Downtown Provo currently is filled with some of the best restaurants and entertainment venues in Utah. It has some of the coolest, most historically valuable architecture in the region. And overall, it’s generally a charming place to be.
But downtown doesn’t have a lot of retail. Yes, there are some great stores here and there, but the area isn’t on many people’s radar as a major shopping destination. At least not yet.
Today, Richard Florida wrote about the resurgence of American downtowns as shopping destinations. His point was that just as major retailers fled to malls in the 1970s, they are now rushing back into downtowns all over the U.S.
Florida uses Miami as a case study. He explains that a certain central neighborhood attracted galleries and showrooms, followed by restaurants, then finally high end retailers that had been out in the suburbs. Florida then goes on to point out that even less ritzy towns are experiencing something similar and that all downtown retail doesn’t need to be extremely high end.
One of Florida’s implicit points also seems to be that people living in suburban neighborhoods already drive to shopping centers in suburban malls so they’d also be willing to drive to downtown districts.
From where I sit, what’s happening in Miami is something of a bellwether, an unmistakable sign that the economic and commercial center of gravity is shifting away from the suburbs and back to the urban core. We are at a similar inflection point today to the one we experienced in the 1970s, when retail abruptly decamped to the suburbs. Only this time, the impetus is the other way around.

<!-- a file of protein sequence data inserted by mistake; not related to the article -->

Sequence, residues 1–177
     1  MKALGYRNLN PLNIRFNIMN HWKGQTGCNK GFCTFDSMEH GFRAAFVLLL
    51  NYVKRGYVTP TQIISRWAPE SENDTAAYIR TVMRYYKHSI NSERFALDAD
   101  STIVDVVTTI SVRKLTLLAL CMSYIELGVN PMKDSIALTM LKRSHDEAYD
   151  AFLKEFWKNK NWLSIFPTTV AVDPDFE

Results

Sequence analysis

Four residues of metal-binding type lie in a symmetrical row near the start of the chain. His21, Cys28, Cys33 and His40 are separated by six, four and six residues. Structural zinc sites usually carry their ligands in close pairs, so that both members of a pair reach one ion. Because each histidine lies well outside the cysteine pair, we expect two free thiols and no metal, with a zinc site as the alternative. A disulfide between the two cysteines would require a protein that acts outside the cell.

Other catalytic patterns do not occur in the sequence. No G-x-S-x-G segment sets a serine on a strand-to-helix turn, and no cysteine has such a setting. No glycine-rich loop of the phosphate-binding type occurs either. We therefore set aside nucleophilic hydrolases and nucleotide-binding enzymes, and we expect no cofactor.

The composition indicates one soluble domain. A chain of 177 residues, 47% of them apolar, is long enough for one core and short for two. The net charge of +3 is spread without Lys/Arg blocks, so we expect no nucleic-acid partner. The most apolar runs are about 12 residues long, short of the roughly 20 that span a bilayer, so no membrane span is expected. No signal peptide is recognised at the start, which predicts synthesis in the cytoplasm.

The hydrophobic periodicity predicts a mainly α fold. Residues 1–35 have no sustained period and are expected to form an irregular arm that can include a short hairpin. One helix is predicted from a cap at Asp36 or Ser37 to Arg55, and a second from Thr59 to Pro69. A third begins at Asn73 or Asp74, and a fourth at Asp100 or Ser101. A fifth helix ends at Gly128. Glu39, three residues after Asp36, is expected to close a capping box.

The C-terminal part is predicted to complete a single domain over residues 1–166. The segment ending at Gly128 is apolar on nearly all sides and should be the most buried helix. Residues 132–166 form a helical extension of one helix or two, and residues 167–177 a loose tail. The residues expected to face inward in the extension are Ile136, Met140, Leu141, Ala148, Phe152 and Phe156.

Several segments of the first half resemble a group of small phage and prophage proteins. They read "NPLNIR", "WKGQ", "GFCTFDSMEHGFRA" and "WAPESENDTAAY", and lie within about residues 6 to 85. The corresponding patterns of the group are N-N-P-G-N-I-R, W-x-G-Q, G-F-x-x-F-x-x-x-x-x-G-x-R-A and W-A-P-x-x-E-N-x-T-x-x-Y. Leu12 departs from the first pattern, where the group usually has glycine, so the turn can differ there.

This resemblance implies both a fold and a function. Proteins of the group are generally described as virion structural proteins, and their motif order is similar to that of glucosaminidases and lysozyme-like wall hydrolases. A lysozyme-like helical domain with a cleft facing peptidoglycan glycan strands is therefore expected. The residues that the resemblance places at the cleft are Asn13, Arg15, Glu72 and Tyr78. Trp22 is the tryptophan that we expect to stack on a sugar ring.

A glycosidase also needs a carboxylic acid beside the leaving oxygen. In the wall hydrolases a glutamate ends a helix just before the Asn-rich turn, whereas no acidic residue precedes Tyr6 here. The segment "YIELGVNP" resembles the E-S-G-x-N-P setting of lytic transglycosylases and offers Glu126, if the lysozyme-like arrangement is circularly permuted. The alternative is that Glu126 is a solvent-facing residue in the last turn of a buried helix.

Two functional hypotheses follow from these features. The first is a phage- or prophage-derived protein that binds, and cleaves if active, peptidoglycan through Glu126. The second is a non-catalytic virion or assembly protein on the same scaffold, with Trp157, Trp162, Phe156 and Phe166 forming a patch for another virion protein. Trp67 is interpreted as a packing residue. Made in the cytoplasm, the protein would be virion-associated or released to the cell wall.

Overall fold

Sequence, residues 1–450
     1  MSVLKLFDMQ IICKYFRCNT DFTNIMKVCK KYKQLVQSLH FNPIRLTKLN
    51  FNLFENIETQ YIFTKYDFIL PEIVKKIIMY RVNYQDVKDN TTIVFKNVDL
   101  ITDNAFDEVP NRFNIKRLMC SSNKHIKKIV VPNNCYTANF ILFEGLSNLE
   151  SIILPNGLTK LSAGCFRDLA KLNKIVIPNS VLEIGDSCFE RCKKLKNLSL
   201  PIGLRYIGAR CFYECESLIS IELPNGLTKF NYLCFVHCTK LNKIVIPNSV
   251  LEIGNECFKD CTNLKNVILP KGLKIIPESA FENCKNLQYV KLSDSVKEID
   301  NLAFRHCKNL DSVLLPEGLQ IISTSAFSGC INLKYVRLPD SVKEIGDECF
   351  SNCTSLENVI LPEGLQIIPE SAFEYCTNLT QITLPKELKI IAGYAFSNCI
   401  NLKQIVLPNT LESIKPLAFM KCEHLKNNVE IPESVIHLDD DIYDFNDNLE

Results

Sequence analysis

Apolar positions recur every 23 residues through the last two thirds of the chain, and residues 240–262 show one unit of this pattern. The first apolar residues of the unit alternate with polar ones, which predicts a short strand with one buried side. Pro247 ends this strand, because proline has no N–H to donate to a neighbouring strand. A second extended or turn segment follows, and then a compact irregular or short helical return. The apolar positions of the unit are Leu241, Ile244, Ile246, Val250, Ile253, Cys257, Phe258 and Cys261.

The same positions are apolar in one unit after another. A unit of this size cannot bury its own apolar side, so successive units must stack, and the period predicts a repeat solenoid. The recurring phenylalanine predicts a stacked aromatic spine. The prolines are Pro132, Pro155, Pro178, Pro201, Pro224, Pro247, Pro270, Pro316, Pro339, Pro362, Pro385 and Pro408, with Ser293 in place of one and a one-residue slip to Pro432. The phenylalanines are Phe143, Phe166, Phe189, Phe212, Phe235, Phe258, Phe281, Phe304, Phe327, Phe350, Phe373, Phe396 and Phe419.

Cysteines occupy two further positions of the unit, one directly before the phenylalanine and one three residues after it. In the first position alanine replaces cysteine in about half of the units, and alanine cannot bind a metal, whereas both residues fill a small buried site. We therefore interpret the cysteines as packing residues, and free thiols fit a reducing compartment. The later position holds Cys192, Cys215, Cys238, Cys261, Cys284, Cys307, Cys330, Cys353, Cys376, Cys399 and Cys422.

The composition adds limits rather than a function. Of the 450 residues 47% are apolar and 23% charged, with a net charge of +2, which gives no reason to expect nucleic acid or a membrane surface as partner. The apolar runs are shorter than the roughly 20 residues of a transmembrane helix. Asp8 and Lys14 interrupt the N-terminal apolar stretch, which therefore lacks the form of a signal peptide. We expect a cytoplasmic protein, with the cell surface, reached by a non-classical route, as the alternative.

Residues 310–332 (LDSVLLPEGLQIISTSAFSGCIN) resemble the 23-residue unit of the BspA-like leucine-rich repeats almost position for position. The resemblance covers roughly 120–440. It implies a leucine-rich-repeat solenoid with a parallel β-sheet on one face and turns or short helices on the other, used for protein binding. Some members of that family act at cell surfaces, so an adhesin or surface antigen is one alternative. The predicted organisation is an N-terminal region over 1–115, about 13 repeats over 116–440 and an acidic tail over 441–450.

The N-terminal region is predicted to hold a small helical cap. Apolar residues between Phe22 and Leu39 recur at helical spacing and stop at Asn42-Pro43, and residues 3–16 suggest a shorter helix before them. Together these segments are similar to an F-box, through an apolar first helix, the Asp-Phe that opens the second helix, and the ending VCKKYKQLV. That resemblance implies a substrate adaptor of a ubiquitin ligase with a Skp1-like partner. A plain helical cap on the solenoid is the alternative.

There are a few lessons here for Provo. The first is that downtown really could be a major retail destination. In fact, Provo’s compact size leaves it better poised for this kind of a comeback than bigger cities like Miami. Whereas those cities have to compete with multiple malls spread through numerous surrounding suburbs, Provo doesn’t. In fact, Provo’s downtown is located as close or closer to many residents as competing Utah County malls.
The second big lesson here is that cities are bringing retail to downtown by creating “design districts.” In Miami, creative businesses — related to architecture and interior design in that case — lured successive waves of restaurants and retailers. The process is only briefly explained in Florida’s article, though it’s a major focus of his work generally and not impossible to understand. In the end, then, luring similarly creative businesses to downtown may be the key to diversifying downtown Provo and bringing back retail.